Mirror of Justice

A blog dedicated to the development of Catholic legal theory.
Affiliated with the Program on Church, State & Society at Notre Dame Law School.

Wednesday, July 7, 2010

Interesting news from the United Kingdom

MOJ friend Aidan O'Neill sends this our way:

MOJ readers might be interested in the attached decision out today from the UK Supreme Court (here) on the issue of whether gay people can be required/expected under international asylum/refugees to conceal their sexuality/pass as straight to avoid State sponsored but usually religiously inspired persecution in their home countries.   The UK Supreme Court thinks not.    Some aspects of this case may have some resonance in on-going US litigation relating to discrimination and same sex marriage, not least for the comparisons made by the justices between persecution on grounds of religion (Catholicism) and ethnicity (being Jewish) and persecution of grounds of sexuality.

For example the Deputy President of the Court,, Lord Hope observes:

“2.    For many years the risk of persecution in countries where it now exists seemed remote. It was the practice for leaders in these countries simply to insist that homosexuality did not exist. This was manifest nonsense, but at least it avoided the evil of persecution.    More recently, fanned by misguided but vigorous religious doctrine, the situation has changed dramatically. The ultra-conservative interpretation of Islamic law that prevails in Iran is one example. The rampant homophobic teaching that right-wing evangelical Christian churches indulge in throughout much of Sub-Saharan Africa is another. The death penalty has just been proposed in Uganda for persons who engage in homosexual practices. Two gay men who had celebrated their relationship in a public engagement ceremony were recently sentenced to 14 years’ imprisonment in Malawi. They were later pardoned in response to international pressure by President Mutharika, but he made it clear that he would not otherwise have done this as they had committed a crime against the country’s culture, its religion and its laws. Objections to these developments have been greeted locally with derision and disbelief....

10. ... As Lord Rodger points out in para 42, regulation 6(1)(e) of the Refugee or Person in Need of International Protection (Qualification) Regulations 2006 (SI 2006/2525) recognises as clearly as can be that a group based on a common characteristic of sexual orientation may be included in a particular social group that is in need of international protection.

11. The group is defined by the immutable characteristic of its members’ sexual orientation or sexuality. This is a characteristic that may be revealed, to a greater or lesser degree, by the way the members of this group behave. In that sense, because it manifests itself in behaviour, it is less immediately visible than a person’s race. But, unlike a person’s religion or political opinion, it is incapable of being changed. To pretend that it does not exist, or that the behaviour by which it manifests itself can be suppressed, is to deny the members of this group their fundamental right to be what they are.....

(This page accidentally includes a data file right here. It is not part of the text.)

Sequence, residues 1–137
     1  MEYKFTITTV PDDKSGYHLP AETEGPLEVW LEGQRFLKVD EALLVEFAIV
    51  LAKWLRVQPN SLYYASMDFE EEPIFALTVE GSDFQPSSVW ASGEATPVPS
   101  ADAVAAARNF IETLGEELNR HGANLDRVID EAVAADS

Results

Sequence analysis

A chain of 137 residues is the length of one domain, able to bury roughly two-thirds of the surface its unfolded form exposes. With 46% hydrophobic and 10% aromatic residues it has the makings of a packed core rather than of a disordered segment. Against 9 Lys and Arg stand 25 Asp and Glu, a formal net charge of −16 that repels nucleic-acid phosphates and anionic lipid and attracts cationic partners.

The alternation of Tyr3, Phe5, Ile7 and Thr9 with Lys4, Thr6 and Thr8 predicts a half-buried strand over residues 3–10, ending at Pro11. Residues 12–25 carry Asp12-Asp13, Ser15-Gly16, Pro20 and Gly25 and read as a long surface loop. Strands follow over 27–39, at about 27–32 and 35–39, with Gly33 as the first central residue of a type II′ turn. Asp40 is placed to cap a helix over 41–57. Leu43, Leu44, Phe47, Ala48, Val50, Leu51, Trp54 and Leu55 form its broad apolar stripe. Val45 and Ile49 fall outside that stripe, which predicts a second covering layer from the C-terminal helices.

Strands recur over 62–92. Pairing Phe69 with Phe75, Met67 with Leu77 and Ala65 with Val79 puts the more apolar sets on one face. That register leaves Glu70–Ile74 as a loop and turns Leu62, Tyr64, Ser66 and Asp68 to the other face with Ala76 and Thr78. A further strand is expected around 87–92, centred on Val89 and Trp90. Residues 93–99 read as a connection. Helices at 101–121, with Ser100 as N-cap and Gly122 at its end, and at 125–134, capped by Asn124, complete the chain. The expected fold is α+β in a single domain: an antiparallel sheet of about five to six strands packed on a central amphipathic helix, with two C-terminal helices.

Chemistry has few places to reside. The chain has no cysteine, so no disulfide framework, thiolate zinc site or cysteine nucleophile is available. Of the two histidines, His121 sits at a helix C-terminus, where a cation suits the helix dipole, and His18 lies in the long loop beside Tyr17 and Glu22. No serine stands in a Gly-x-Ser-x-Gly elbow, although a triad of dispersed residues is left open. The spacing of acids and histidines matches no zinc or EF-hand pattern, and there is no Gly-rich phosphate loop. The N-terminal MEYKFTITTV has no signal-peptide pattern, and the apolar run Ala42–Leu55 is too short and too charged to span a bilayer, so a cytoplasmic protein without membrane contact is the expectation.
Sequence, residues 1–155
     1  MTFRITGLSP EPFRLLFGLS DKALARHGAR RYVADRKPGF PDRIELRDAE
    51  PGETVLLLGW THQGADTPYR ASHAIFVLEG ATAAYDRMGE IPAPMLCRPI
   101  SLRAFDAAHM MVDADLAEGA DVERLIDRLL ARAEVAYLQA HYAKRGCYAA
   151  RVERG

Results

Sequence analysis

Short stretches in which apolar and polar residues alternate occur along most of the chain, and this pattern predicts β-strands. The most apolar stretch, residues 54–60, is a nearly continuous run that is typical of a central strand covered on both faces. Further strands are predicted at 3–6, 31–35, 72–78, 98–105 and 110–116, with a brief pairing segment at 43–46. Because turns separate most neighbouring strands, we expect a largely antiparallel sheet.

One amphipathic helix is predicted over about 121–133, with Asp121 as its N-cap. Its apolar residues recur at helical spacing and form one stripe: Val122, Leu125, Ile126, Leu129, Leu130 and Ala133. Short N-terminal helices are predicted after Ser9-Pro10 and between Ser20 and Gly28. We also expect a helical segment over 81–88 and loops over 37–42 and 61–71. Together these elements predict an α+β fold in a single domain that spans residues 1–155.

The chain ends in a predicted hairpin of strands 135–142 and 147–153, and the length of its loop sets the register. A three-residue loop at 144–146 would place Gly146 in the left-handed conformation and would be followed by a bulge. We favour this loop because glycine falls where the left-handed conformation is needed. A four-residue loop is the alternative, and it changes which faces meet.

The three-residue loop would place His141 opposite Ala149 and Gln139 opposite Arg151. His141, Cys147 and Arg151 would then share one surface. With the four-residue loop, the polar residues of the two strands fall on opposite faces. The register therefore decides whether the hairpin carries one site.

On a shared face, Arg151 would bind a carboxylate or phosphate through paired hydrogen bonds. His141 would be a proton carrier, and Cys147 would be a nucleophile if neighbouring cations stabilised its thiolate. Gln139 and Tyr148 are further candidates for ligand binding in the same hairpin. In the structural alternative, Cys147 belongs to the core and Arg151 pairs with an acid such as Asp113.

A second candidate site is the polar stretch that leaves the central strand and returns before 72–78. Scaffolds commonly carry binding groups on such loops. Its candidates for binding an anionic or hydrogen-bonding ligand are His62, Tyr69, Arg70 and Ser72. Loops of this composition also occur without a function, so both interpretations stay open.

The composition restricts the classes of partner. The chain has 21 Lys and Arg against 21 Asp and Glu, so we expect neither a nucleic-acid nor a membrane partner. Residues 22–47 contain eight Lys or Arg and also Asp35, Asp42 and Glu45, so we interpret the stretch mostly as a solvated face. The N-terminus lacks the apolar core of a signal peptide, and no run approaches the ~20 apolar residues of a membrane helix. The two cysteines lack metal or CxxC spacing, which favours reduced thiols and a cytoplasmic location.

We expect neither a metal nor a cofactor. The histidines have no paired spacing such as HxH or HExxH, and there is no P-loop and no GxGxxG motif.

14.   But coupled with an increasing recognition of the rights of gay people since the early 1960s has come an appreciation of the fundamental importance of their not being discriminated against in any respect that affects their core identity as homosexuals. They are as much entitled to freedom of association with others of the same sexual orientation, and to freedom of self-expression in matters that affect their sexuality, as people who are straight.”

And Lord Rodger says this:

“62.   A Jew would not lose the protection of the {Refugee] Convention because, in addition to suffering state persecution, he might also be subject to casual, social anti-semitism. Similarly, a gay man who was not only persecuted by the state, but also made the butt of casual jokes at work, would not lose the protection of the Convention. It follows that the question can be further refined: is an applicant to be regarded as a refugee for purposes of the Convention in circumstances where the reality is that, if he were returned to his country of nationality, in addition to any other reasons for behaving discreetly, he would have to behave discreetly in order to avoid persecution because of being gay?

63. It is convenient to use a phrase such as “acting” or “behaving” “discreetly” to describe what the applicant would do to avoid persecution. But in truth he could do various things. To take a few examples. At the most extreme, the applicant might live a life of complete celibacy. Alternatively, he might form relationships only within a circle of acquaintances whom he could trust not to reveal to others that he had gay relationships. Or, he might have a gay partner, but never live with him or have him to stay overnight or indulge in any display of affection in public.    Or the applicant might have only fleeting anonymous sexual contacts, as a safe opportunity presented itself. The gradations are infinite.

64. Suppose the Secretary of State or the tribunal were satisfied that, if the applicant took some such precautions, he would be unlikely to suffer any actual harm. Would the applicant then have no well-founded fear of persecution by reason of being gay and so be unable to claim asylum under the Convention?

65. Surely not. ... so far as the social group of gay people is concerned, the underlying rationale of the Convention is that they should be able to live freely and openly as gay men and lesbian women, without fearing that they may suffer harm of the requisite intensity or duration because they are gay or lesbian....